Richard Jewell, law enforcement to be honored at Centennial Olympic Park

Richard Jewell is swamped by the media in Atlanta upon arriving at his Buford Highway apartment after being interviewed at FBI headquarters on July 30, 1996. (Cox Staff Photo/Greg Lovett)

Richard Jewell is swamped by the media in Atlanta upon arriving at his Buford Highway apartment after being interviewed at FBI headquarters on July 30, 1996. (Cox Staff Photo/Greg Lovett)

More than 25 years after Richard Jewell’s quick thinking alerted authorities to the Centennial Olympic Park bombing, the heroic security guard will be honored along with law enforcement officers who responded to the July 27, 1996 attack.

At 11 a.m. Wednesday, the Georgia World Congress Center Authority will host a dedication ceremony at the Quilt of Remembrance, a park memorial already honoring the two people who died and 111 injured as a result of the bombing.

“Please join Georgia World Congress Center Authority for a dedication ceremony commemorating Richard Jewell and the law enforcement community for their bravery, vigilance and commitment to protecting the public on July 27, 1996,” an event announcement said.

The subject of a book and movie about the incident, the late Jewell saved countless lives only to have his turned upside down. He alerted authorities to the suspicious knapsack that held a bomb, helped evacuate the area and quickly earned national acclaim for his bravery.

Days later, he became the FBI’s chief suspect, as The Atlanta Journal-Constitution and other media outlets reported. Jewell was cleared after 88 days and confessed serial bomber Eric Robert Rudolph is serving multiple life sentences.

The AJC was among the media outlets sued after Jewell was exonerated, and the only one that didn’t settle. Litigation naming the AJC was dismissed in 2011, when the Georgia Court of Appeals concluded “the articles in their entirety were substantially true at the time they were published.” Jewell died in 2007 at the age of 44.

This front page of The Atlanta Journal from July 30, 1996, was accurate yet infamous. But more than a week later there was another front-page story by a different reporter for this same newspaper that turned the Olympic Park bombing case against Richard Jewell upside down.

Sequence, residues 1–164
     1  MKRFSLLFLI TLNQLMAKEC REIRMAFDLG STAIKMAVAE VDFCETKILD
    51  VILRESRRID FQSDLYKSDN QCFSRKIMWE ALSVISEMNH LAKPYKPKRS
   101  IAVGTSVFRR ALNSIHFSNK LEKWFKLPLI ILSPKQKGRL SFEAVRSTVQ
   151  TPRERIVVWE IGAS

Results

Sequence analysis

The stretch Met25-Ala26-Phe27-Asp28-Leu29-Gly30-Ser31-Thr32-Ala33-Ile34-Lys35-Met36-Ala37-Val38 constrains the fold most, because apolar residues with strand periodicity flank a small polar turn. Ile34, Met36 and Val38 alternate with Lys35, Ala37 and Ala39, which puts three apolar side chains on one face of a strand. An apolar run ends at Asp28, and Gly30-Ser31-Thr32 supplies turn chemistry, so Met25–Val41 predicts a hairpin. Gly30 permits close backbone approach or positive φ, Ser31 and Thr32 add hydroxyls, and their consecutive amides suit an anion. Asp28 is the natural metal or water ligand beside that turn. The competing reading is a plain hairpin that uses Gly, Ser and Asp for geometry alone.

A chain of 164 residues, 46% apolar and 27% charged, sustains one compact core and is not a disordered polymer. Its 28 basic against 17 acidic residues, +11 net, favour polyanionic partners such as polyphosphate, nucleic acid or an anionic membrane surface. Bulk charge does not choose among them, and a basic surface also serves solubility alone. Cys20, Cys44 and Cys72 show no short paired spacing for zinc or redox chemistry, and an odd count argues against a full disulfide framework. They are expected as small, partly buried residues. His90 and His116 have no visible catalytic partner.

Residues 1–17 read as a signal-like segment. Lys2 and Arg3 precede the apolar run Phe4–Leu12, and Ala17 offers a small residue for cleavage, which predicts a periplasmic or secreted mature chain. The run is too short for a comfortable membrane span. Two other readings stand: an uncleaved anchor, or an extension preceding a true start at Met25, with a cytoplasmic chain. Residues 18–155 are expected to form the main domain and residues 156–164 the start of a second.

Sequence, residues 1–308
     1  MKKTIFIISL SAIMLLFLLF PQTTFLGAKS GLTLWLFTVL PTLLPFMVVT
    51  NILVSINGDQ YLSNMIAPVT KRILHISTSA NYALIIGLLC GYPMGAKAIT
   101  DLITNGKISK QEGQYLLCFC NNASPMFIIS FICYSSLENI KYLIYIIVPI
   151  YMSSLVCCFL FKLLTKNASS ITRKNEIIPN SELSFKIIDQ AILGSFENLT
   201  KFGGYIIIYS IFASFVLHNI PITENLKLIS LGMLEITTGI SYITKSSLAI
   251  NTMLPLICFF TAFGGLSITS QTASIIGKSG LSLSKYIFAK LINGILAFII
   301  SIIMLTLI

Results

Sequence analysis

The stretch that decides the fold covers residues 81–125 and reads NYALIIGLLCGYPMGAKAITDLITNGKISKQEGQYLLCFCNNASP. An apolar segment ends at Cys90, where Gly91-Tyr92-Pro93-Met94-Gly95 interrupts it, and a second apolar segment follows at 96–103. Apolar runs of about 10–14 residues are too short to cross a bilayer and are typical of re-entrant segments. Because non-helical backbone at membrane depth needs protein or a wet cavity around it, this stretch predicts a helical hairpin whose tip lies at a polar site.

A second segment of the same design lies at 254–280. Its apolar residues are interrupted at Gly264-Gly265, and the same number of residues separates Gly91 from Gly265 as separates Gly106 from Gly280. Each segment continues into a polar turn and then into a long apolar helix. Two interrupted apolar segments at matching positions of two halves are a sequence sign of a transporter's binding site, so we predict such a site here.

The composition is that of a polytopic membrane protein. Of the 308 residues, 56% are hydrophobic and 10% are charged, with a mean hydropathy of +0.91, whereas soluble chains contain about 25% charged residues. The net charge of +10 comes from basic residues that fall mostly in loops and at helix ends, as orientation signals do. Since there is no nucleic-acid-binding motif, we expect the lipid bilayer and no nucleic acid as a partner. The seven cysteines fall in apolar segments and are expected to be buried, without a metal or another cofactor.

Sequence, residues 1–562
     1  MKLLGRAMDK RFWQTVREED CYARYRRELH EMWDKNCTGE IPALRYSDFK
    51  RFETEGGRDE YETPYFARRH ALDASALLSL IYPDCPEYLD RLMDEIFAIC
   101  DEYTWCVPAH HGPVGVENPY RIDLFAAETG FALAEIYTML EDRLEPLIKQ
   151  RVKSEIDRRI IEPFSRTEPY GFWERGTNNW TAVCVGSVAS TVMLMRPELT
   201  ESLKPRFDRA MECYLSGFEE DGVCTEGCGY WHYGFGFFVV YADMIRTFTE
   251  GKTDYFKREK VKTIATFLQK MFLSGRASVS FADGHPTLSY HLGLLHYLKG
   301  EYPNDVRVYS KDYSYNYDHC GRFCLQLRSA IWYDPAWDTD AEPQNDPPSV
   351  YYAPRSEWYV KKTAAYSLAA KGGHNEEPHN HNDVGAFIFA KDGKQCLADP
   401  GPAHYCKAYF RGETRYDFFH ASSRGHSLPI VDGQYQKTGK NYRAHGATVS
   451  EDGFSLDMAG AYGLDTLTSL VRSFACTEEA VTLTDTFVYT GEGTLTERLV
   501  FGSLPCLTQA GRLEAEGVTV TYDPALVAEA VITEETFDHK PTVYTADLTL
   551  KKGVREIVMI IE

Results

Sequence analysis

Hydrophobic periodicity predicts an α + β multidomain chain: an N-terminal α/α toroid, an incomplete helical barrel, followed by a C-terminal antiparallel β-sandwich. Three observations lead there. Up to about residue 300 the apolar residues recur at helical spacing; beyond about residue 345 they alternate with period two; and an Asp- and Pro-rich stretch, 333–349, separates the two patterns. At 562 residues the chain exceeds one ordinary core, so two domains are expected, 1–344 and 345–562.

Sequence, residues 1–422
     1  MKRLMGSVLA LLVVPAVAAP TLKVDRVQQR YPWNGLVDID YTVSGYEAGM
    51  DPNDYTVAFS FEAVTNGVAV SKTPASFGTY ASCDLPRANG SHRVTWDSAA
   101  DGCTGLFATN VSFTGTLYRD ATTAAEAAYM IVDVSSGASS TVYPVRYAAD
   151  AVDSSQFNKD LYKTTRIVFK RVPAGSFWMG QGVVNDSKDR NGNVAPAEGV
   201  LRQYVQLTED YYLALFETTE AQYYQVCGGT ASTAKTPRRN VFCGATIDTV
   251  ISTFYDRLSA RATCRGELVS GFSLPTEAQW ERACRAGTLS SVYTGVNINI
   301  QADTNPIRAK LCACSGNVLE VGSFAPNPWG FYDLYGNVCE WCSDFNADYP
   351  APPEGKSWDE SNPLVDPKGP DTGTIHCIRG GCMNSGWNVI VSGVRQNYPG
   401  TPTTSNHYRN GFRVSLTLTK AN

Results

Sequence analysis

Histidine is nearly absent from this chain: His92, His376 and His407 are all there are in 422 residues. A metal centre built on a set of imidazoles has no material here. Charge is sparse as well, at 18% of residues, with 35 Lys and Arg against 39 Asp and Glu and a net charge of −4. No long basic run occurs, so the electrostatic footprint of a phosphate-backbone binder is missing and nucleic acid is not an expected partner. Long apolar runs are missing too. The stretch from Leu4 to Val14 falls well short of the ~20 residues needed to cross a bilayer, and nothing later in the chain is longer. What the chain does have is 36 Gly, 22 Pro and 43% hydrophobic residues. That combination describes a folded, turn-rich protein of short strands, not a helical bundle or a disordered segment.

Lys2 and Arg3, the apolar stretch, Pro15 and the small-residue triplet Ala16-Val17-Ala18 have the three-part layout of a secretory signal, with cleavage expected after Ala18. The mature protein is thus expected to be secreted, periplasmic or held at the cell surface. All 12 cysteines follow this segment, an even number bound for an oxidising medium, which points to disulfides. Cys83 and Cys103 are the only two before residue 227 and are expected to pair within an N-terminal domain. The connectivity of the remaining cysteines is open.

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In 2019, the story of the bombing and Jewell hit the big screen in “Richard Jewell,” a movie directed by Clint Eastwood.

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Director Clint Eastwood, left, and Paul Walter Hauser on the Atlanta set of “Richard Jewell,” a Warner Bros. Pictures release. CLAIRE FOLGER/WARNER BROS. ENTERTAINMENT INC.

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Eastwood and cast members Paul Walter Hauser, who starred in the title role, Jon Hamm, Kathy Bates and Sam Rockwell attended the film’s Atlanta premiere in December 2019 at the Rialto Center for the Arts.

Bobi Jewell, the security guard’s mother, joined the entertainers on stage.

“I would like to thank everyone for coming out tonight on Clint’s behalf,” she said that night. “I’m a Jewell but he is also.”

Bates earned a Golden Globe nomination for her role as Bobi Jewell.

“This film is the story of an unsung American hero,” Georgia House Speaker David Ralston said the night of the Atlanta premiere. “Richard Jewell should be a name we celebrate here in Atlanta and in Georgia.”

Ralston noted at the time that a Centennial Olympic Park ceremony to honor Jewell was coming up; it was postponed like many gatherings due to the pandemic.

“The Suspect,” authored by Kent Alexander, who was the U.S. Attorney for the Northern District of Georgia during the time of the bombing, and journalist Kevin Salwen, was published about a month before the movie premiered.

“We didn’t write this book as an ethics lesson or as a work of moralizing,” Salwen told the AJC in a 2019 interview. “We wrote this book as a work of narrative nonfiction to tell the story of an unsung hero, a man who deserves a statue in the city of Atlanta, and the case that brought him down.”